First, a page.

We encourage you to stress the importance of NOT MISSING CLASSES unless there is a real emergency or illness. Regular and consistent attendance is important as well as arriving on time. The progress of the entire class is hindered when class must be stopped to re-teach what was missed at an earlier session. If a student is behind in choreography or technique in general, we would recommend a private lesson with the teacher. Please contact our office for pricing and scheduling a private lesson. We have also found that when a student feels a lack of confidence in his/her class work due to inadequate preparation, they become discouraged with their dancing in general. For DAC's advanced levels: if classes/rehearsals are missed without prior notification and agreement of director,then it will be up to the discretion of the choreographer and director whether a dancer will be removed from the choreography. If an advance student arrives more than 15 minutes past beginning of class or rehearsal time the student will need to observe and take notes for safety and etiquette purposes.

  If a student will knowingly miss class due to illness, an activity, or appointment, he/she should notify the dance office prior to class. Leaving a voice mail will be sufficient. Notification of the absence will be given to the teacher. Advanced students MUST call the office if you are going to be absent.

Make-up Policy

  All students can make up a missed class in any class of the same level or a level below. Please see the schedule of classes for days and times and consult with your student's teacher for a recomendation.

Inclement Weather

Wilmington Conservatory of Fine Arts is closed for inclement weather when New Hanover County Schools are closed for bad weather. Please pay attention to school closing reports.

Spring Concert

The Spring Performance is considered a priority for all our students and other conflicting events should be secondary to preparations for this program. This stage performance is for levels Beginning ballet and tap through Advanced and showcases the technique the students have learned throughout the year. Our Pre-Ballet & Tap classes have in-studio end of year recitals helping the youngest dancer feel comfortable in their familiar environment.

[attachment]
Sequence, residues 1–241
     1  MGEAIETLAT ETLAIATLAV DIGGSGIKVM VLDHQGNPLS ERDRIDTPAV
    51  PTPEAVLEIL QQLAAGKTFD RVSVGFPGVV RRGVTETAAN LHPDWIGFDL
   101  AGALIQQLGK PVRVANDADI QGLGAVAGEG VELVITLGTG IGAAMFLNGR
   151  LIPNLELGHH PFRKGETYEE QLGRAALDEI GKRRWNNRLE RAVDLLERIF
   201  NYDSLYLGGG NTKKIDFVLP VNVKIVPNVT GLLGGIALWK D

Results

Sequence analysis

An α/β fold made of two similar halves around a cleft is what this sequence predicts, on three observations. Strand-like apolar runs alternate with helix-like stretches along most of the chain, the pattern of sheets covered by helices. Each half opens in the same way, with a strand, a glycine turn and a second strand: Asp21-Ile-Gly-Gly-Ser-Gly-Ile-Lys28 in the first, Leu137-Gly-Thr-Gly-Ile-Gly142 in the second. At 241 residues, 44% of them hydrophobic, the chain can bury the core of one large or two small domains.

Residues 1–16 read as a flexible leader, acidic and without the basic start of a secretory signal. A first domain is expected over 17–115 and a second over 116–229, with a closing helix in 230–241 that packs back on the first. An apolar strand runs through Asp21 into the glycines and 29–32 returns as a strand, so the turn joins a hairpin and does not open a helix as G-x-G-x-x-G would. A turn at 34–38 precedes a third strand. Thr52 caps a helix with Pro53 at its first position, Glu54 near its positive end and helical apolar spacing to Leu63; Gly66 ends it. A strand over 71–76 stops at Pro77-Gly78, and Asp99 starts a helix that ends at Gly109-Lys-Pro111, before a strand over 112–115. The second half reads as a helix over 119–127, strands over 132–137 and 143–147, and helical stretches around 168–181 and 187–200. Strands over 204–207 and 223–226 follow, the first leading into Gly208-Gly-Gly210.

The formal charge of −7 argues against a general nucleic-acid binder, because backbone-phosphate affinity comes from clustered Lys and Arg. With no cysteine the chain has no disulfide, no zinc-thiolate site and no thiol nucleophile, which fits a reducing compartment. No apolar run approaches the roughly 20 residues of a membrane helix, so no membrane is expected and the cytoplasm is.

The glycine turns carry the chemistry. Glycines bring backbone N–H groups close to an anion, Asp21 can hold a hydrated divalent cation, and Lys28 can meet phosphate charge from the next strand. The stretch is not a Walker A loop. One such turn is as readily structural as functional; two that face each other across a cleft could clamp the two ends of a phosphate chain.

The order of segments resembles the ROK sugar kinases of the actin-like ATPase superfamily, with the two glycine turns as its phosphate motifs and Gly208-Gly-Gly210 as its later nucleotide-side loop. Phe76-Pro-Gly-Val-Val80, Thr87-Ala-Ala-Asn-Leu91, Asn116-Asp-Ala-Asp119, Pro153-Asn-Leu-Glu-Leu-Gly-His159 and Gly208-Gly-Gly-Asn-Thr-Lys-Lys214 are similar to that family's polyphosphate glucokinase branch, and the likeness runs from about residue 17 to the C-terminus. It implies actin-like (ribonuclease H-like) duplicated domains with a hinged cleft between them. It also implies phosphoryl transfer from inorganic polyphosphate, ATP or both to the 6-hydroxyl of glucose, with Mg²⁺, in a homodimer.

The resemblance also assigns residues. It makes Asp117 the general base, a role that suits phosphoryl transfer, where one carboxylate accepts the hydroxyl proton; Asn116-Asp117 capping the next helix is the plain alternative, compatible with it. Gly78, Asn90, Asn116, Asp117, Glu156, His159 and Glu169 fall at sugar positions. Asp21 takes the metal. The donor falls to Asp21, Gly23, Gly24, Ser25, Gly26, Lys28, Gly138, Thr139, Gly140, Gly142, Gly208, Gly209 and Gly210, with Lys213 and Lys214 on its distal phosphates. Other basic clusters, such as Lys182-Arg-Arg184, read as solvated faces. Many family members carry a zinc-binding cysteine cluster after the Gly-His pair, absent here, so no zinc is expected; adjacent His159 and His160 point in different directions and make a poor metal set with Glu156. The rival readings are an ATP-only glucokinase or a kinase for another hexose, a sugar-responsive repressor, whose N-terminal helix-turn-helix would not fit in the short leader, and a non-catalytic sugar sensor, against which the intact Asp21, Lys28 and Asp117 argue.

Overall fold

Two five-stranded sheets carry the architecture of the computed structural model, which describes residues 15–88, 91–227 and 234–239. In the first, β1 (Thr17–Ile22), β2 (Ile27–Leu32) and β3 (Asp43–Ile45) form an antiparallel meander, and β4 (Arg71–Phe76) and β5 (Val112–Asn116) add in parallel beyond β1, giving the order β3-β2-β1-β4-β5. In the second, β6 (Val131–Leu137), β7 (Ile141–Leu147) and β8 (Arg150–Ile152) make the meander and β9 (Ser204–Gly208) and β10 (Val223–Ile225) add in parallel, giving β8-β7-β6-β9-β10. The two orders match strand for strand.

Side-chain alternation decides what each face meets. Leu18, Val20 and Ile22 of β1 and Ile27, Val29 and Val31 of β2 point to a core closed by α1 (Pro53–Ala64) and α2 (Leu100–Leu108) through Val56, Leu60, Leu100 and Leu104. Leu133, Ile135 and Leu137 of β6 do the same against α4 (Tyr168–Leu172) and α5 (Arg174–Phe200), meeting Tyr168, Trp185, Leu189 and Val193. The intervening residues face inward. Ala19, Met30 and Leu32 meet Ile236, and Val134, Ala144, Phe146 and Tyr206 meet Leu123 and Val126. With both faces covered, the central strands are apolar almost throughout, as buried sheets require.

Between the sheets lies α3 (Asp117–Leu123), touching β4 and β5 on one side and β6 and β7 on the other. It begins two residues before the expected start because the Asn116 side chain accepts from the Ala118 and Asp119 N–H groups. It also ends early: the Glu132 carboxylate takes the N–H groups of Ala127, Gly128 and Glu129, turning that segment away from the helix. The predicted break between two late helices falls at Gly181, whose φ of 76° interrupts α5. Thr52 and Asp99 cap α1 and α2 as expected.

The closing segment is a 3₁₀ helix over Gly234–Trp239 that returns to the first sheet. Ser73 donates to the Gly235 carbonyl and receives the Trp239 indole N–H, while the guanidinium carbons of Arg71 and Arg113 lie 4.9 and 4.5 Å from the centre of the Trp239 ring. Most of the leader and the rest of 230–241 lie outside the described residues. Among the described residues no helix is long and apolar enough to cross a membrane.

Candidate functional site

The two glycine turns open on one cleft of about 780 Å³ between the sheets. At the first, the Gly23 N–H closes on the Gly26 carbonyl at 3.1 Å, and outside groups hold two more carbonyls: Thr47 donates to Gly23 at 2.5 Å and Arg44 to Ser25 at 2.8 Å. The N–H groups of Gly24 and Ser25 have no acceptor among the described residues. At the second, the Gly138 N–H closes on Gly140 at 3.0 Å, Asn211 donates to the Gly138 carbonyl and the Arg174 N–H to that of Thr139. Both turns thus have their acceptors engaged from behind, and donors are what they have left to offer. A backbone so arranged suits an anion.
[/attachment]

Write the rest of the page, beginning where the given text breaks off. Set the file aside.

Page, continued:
A newsletter hand-out is published every fall and spring semester. DAC will regularly send out email newsletters for updates with important notices and helpful information. Please look in for our monthly newsletter, sign up here to make sure you are on the list!

Level Advancement

It may be appropriate for young dance students to remain in the same class level for two or three years before continuing on to the next level. Unlike academic studies where a student progresses a grade level each year, in dance training it is quite normal to spend several years in one level in order to properly assimilate all the necessary material.

  The training of a dancer is based on the constant repetition of particular steps and movements until the student has a full comprehension of the dance vocabulary and shows competency of execution. Sometimes, especially in younger children, total comprehension can only be achieved when the physical body has grown strong enough to handle the more complicated moves required in dance. In these instances, we prefer to wait until a child’s physical development matches the requirements of the next level’s syllabus.

  It is important to maintain consistent attendance in dance classes during the school year. This insures the progress of each student in their given class level. Similar to any sport requiring difficult motor skills and dexterity of movement, disciplined and regular practice will lead to quicker advancement.

  We hope this information will enable parents and students to better understand the actual “time line” of development in a dancer’s training and that there is nothing unusual about the gradual advancement from level to level.